Other problems include petty fights. Nanay Lali and Amelita Gonzales (or Nanay Amelita), shared their knowledge about the experiences of their fellow residents who share a toilet. “Minsan halimbawa, sa dami nilang gumagamit, ‘yung [ibang nahuhuling gumamit], nagagalit kasi madumi ‘yung CR. Tapos minsan pagka ‘yung isa gustong gumamit, may tao ganun. Minsan nag aaway-away sila.” (Sometimes when many individuals are sharing one toilet, the last one to use gets angry because the toilet is already dirty by the time his or her turn comes. And sometimes, the people sharing the toilet get into a fight.)
Another problem is improper construction due to limited space. Shared toilets are usually found outside houses because at least three families usually use it. Some of the shared toilets are located only a few meters from the water source. For instance, the toilet shared by the family of Marina Christe (or Nanay Marina) is located only a few yards outside of their house and a few meters beside their artesian wells or poso. The same placement of shared toilet maybe observed in the toilet shared by the family of Tatay Tom.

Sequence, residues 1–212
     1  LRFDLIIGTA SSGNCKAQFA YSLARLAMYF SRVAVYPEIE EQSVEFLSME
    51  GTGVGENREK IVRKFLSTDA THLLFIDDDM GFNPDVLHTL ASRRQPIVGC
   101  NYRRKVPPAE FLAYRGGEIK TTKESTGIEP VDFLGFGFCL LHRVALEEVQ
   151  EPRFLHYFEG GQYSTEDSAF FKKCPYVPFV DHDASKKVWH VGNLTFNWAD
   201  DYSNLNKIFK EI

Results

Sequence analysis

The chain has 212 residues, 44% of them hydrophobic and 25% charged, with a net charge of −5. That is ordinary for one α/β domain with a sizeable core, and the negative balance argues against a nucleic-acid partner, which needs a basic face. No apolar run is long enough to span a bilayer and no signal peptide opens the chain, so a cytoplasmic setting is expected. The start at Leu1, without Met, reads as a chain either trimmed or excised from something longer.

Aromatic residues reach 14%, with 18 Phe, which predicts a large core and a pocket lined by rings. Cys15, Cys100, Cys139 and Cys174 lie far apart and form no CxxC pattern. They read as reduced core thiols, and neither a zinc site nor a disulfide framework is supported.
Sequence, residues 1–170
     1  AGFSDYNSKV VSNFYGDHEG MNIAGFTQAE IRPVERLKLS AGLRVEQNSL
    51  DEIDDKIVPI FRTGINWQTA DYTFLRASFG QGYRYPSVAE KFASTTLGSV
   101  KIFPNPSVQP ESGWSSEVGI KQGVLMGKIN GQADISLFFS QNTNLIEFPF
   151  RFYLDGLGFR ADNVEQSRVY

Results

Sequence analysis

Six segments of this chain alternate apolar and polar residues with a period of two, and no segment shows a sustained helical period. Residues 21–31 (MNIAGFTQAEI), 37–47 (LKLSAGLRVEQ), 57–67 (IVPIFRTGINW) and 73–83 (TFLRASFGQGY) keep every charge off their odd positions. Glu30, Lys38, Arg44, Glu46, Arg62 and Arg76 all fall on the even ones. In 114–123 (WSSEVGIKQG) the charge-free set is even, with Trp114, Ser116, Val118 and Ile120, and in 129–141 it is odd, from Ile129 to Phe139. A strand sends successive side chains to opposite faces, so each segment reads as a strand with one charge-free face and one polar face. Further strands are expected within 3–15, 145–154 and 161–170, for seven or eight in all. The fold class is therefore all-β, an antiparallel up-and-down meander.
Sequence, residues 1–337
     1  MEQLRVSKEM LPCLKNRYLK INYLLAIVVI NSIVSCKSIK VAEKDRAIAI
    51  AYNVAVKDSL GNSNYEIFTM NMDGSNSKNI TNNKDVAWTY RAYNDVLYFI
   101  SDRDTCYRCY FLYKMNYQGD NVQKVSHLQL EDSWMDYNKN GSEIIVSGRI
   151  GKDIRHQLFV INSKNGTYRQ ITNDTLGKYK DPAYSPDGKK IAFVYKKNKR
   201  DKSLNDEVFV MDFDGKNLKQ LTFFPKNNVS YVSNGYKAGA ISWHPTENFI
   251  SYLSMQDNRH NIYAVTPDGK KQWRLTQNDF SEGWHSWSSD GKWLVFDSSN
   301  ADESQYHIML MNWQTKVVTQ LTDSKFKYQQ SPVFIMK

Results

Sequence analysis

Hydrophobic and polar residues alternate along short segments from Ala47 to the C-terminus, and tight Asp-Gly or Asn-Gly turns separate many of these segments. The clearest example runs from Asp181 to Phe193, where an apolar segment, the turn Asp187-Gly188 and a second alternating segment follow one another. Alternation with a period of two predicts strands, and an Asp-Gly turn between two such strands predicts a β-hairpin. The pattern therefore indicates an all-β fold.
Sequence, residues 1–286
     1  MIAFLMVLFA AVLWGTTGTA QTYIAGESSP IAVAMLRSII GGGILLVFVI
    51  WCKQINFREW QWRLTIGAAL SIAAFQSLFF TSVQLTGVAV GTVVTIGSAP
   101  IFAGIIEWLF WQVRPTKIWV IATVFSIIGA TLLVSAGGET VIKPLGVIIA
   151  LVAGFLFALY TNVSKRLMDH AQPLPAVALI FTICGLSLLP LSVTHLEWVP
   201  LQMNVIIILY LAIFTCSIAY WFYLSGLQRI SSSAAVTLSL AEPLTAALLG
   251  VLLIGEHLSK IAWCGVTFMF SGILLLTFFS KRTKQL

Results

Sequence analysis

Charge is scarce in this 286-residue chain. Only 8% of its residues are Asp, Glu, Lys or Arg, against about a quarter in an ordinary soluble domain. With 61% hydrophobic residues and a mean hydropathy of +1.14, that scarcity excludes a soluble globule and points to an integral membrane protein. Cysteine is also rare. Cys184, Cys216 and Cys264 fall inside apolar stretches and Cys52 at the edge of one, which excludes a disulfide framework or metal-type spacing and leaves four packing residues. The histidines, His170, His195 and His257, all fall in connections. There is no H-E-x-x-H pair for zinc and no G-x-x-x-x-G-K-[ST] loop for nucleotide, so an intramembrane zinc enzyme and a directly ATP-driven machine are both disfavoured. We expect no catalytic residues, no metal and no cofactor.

Ideally, a household’s toilet septic tank should have a minimum of 25-meter distance from the water source, such as deep wells and artesian wells. According to Julieta Botin, a sanitation inspector at the Pakil Office of Health Services, a toilet’s septic tank should be located deeper and lower than the water source to avoid contamination. Thus, toilets should not be positioned very near or above the water source. However, in most cases, shared toilets found in the barangay are located 5-10 meters from the residents’ water source.
When families use shared toilets, maintaining the structure becomes problematic. “Hindi maayos, hindi siya napapaganda,” Nanay Amelita shared. (The shared toilet is not well or properly maintained. It is not being improved.)
Nanay Marina and Tatay Tom aim to improve their own toilet facilities; both have decided to take advantage of the Water, Sanitation, Hygiene (WASH) loan program of TSPI.
Health problems and poor sanitation
Aside from the experienced problems of the residents, sharing toilets also imposes risks to health. The most common causes of diseases are intestinal worms that can enter the body through one’s use of dirty toilets, as confirmed by Botin.